How E.B. White Spun 'Charlotte's Web'
In a poll of librarians, teachers, publishers and authors, the trade magazine Publisher's Weekly asked for a list of the best children's books ever published in the United States. Hands down, the No. 1 book was E.B. White's Charlotte's Web. Now, a new book called The Story of Charlotte's Web explores how White's masterpiece came to be.
One early fall morning in 1949, E.B. White walked into the barn of his farm in Maine and saw a spider web. That in itself was nothing new, but this web, with its elaborate loops and whorls that glistened with early morning dew, caught his attention. Weeks passed until one cold October evening when he noticed that the spider was spinning what turned out to be an egg sac. White never saw the spider again and, so, when he had to return later that fall to New York City to his job as a regular contributor to The New Yorker magazine, White took out a razor blade and cut the silken egg sac out of the web. He put the sac in an empty candy box, punched some holes in it, and absent-mindedly put the box atop his bedroom bureau in New York.
Weeks later, a movement on that bureau alerted him to the fact that tiny spiderlings were making a Great Escape through the air holes. White was delighted at this affirmation of life and left the hundreds of barn spiderlings alone for the next week or so — to spin webs from his hair brush to his nail scissors to his mirror — until, finally, the cleaning lady complained.
Thus was hatched the idea for Charlotte's Web, White's magical meditation on the passage of time, mortality and the great gift of finding a "true friend" in this world. However, as Michael Sims tells us in his wonderful new book called The Story of Charlotte's Web, there was also a much longer incubation period for White's classic — a period that began with his isolated childhood as the youngest of seven children; the snappy creative bustle of the New York newspaper world in the 1920s, which gave White his career and his writing role models; and White's own lifelong struggle with anxiety. That anxiety was soothed, in part, by writing and by the company of animals (except, that is, for rats — take that, Templeton!). If you love Charlotte's Web — and, please, if you don't, just get help now! — Sims' lively and detailed excursion into the mystery of how White's classic came to be is a perfect read for this season: full of grass and insects, pigs and summer rain.
The first two-thirds or so of The Story of Charlotte's Web recounts White's life up to his 50s, when he began writing his masterpiece. Good as it is, the final section of Sims' book is the real revelation — not only about the influences on Charlotte's Web, but about just how hard it was for White to write despite the fact that his style always seemed effortless. White was encouraged to attempt children's fiction by his wife, Katherine White, who was the fiction editor of The New Yorker and a regular reviewer of children's literature. She had urged him to write his first children's book, Stuart Little, which was published in 1945 and had taken him over six years to write.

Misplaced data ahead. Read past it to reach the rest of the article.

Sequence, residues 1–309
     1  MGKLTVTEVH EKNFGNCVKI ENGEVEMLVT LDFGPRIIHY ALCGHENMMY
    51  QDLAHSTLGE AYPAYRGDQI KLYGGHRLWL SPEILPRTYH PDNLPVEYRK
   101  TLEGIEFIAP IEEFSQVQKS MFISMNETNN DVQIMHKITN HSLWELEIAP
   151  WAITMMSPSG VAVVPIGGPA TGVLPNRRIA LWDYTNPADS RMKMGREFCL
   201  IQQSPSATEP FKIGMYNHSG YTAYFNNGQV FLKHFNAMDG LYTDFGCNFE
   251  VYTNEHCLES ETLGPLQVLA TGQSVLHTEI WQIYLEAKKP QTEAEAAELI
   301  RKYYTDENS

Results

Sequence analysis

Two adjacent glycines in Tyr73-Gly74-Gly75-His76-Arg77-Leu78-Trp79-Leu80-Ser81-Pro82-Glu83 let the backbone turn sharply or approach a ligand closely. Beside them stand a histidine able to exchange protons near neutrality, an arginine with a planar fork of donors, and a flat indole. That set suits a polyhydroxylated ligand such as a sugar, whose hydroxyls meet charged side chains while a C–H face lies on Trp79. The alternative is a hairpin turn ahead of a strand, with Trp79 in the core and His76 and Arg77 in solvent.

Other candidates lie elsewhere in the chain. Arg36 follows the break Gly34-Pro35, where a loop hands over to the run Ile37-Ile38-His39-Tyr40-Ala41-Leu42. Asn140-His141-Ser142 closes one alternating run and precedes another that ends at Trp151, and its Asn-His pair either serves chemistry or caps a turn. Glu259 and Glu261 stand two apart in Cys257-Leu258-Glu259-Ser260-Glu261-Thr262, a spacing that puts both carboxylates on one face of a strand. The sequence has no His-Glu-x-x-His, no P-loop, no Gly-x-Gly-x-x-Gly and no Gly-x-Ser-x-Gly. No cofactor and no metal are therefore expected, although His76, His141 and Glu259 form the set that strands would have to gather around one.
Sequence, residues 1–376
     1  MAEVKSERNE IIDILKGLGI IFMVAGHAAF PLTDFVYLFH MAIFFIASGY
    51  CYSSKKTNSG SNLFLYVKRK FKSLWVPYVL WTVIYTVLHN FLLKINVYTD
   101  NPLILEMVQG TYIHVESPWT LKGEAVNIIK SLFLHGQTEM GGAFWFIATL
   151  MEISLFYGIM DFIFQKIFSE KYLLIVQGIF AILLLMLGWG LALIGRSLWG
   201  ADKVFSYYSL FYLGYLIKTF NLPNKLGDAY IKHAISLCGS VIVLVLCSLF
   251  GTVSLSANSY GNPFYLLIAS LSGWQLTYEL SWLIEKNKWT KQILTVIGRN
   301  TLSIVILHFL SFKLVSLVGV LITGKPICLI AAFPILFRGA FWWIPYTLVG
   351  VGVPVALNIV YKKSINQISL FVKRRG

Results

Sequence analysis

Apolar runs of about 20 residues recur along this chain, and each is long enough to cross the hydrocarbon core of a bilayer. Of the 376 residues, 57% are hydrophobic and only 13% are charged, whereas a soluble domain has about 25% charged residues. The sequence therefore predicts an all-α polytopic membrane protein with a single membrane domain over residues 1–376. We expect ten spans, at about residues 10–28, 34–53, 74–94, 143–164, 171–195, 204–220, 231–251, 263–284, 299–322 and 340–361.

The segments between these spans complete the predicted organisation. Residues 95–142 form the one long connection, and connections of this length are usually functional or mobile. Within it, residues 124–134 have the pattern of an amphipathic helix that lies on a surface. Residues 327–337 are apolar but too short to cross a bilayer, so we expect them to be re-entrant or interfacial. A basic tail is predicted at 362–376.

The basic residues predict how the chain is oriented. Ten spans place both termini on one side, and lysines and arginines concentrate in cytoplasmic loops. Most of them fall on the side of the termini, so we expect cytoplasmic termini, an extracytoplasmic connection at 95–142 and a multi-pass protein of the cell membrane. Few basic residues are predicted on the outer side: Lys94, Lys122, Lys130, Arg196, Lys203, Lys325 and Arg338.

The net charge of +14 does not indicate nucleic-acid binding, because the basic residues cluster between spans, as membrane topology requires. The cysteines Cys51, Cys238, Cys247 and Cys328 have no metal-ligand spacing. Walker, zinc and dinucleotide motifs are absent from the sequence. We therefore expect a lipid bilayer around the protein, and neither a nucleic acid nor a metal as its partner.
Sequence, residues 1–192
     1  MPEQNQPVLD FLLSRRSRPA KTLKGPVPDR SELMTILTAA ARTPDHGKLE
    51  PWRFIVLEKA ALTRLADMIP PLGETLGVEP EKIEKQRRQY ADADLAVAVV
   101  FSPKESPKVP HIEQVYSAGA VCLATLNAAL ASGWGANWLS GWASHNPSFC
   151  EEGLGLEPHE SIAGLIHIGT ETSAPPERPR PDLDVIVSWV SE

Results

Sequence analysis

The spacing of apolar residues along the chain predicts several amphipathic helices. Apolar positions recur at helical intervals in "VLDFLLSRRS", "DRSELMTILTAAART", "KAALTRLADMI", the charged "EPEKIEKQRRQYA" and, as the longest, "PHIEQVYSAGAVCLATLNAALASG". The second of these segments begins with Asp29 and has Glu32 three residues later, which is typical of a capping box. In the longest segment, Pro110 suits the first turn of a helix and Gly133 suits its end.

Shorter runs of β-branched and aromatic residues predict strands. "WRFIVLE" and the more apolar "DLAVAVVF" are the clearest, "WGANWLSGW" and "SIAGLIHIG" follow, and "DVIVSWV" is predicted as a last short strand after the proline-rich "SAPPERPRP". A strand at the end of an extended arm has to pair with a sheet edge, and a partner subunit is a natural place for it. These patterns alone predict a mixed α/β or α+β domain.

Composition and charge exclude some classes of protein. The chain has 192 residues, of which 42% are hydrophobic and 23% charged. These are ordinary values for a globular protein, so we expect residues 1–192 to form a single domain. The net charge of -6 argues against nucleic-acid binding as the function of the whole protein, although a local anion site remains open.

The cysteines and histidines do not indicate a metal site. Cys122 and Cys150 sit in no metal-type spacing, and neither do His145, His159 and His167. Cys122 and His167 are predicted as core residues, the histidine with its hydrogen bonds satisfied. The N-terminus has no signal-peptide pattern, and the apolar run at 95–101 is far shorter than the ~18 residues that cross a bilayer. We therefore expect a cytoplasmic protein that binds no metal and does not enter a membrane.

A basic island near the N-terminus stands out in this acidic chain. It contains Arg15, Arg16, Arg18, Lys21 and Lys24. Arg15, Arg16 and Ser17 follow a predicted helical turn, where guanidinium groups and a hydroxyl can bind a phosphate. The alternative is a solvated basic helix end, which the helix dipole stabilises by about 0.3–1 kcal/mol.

White also took inspiration from the 1920s newspaper columnist Don Marquis, who wrote acclaimed stories about a poetic typing cockroach named Archy. White was adamant that, like Archy, his fictional animal characters should not be cute but should remain true to their predatory and, in the case of Wilbur, their manure-loving, messy nature. The notes that White made for Charlotte's Web — some of which Sims reprints here — show a multitude of false starts and cross outs. White finished the first draft of the novel in 1951 and then let it sit for a year.
He said in a letter to his patient editor: "I've recently finished another children's book, but have put it away to ripen (let the body heat out of it). It doesn't satisfy me the way it is and I think eventually I shall rewrite it pretty much." When Charlotte's Web finally came out in October 1952, most of the reviews were laudatory, except for one written by Anne Carroll Moore, the influential children's division librarian for the New York Public Library. Years earlier, Moore had panned Stuart Little and now she slammed Charlotte's Web for leaving the human character of Fern "undeveloped."
White's own later estimation of his work is, perhaps, most touching. In old age, when he was suffering from Alzheimer's, White liked to have his own essays and books read to him. Sometimes, White would ask who wrote what he was listening to, and his chief reader, his son Joe, would tell him, "You did, Dad." Sims says White "would think about this odd fact for a moment and sometimes murmur, 'Not bad.' "
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